I had the fortunate opportunity to test out the Sony 70-300 today, shooting some Track & Field. I ordered the lens via B&H Photo a few days prior and I got my order quick with one-day shipping. I quickly unboxed it and took it out to shoot.
I’m going to cover several aspects of the lens, discussing the cosmetics, auto-focus in photo as well as video, and finally, my conclusion.
On the cosmetic side of this lens, it actually feels really nice in the hands. It feels really well built. Now, I haven’t held the a-mount version of this lens, but I must say this lens feels very good. When I compare it to Canon’s 70-300 USM that I owned at some point, this lens feels much better and more premium.
In terms of weight, the lens feels very similar to the 70-200 F4 OSS lens. When mounted to the Sony a6300 it will feel slightly front heavy, but in my hands it doesn’t feel completely ridiculous. I know naysayers out there might say it's silly, but it actually feels really good in the hands. I used a smallrig cage when I shot with it during Track & Field and it felt just fine shooting with it.
The features on the lens gives you a AF-MF switch, along with a focus limiter, and OSS on and off switch, which is nice. In addition, you get a button on the lens which will give you further customization.
The lens will creep when hung downward, fortunately there is a lock that you can set to prevent this from happening.
This lens does not internally zoom, so you’ll extend the lens 1.5 times its contracted length.
Handling and Use
When using the camera with either the a6300 or Sony a7Rii, it felt right at home. I never thought that at some point it felt off or anything.
I had the chance to try out the lens combo on both the a7Rii and Sony a6300. I shot in continuous autofocus using either center, wide, and even zone focusing. I found the autofocus to lock on and hit its target consistently throughout. Occasionally it would lose focus, but I would attest that more to my mistake than the lens and camera combo. You’ll see in the examples that I show how well the lens was able to keep up with a fast-moving target.
When it came to video autofocus, the 70-300 coupled with the Sony a6300 focused as I would expect. It tracked the subject quickly with little to no hesitation. If continuous autofocus in video is something you’re interested in, this lens is nice to have.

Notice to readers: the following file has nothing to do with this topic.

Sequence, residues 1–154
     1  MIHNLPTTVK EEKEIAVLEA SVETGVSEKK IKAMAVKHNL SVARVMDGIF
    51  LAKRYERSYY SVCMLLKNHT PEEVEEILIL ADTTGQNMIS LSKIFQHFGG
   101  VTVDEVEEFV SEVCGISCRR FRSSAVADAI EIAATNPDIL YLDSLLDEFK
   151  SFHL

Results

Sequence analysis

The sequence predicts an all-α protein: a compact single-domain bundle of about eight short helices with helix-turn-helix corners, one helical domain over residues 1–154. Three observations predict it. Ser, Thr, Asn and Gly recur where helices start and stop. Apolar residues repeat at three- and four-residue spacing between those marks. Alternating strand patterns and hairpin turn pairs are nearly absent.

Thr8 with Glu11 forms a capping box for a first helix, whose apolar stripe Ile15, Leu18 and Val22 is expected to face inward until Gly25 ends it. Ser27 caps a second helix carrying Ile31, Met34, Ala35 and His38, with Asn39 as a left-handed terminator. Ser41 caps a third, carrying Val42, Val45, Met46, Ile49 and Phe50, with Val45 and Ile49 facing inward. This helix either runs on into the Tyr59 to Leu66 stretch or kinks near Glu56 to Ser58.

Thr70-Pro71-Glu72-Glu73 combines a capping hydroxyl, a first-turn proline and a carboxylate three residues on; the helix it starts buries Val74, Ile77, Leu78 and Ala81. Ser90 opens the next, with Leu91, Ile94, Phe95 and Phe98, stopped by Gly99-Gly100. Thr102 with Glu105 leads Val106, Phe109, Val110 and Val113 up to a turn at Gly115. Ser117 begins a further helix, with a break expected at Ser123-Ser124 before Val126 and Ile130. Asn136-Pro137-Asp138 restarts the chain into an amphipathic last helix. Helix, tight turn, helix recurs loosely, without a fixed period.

The reason this lens is so appealing is that it reaches out to 300mm. I believe, at the time of this video, that this is the only native e-mount lens that has a reach of 300mm. Having native glass with that kind of reach is really nice since the lens will take full advantage of the autofocusing capabilities of the body.
The only major drawback for this lens, is the fact that the maximum aperture is 4.5 at the wide end, and 5.6 at the longer end. It isn’t an issue when you’re shooting a daytime sport like Track & Field, but once you start shooting a sport in the evening, you’ll definitely start having to push those ISO values up there. I know that when the clouds came rolling in, I was pushing the ISO on the a6300 upwards of 3200. So keep that in mind.
Another challenge is creating that shallow depth of field. Now shooting at the longer end of the lens will definitely help give you that compression to separate your subject from the background. I never found it an issue with this lens. I was very happy with the results.
The price on this lens is steep, but it’s to be expected from Sony at this time. I’m sure the price will drop within 6-12 months.
If you’re in the market for a long telephoto lens for the Sony E-mount, then you really don’t have any options at this time. The person this lens is for is an individual that does a lot of shooting with available light and needs that longer reach. It may not be long enough for most wildlife photographers, but daytime sports photographers will enjoy the reach that this lens afford. If you’re willing to compromise on some of the downsides like the aperture, then I would recommend this lens in your kit if you use the Sony e-mount system.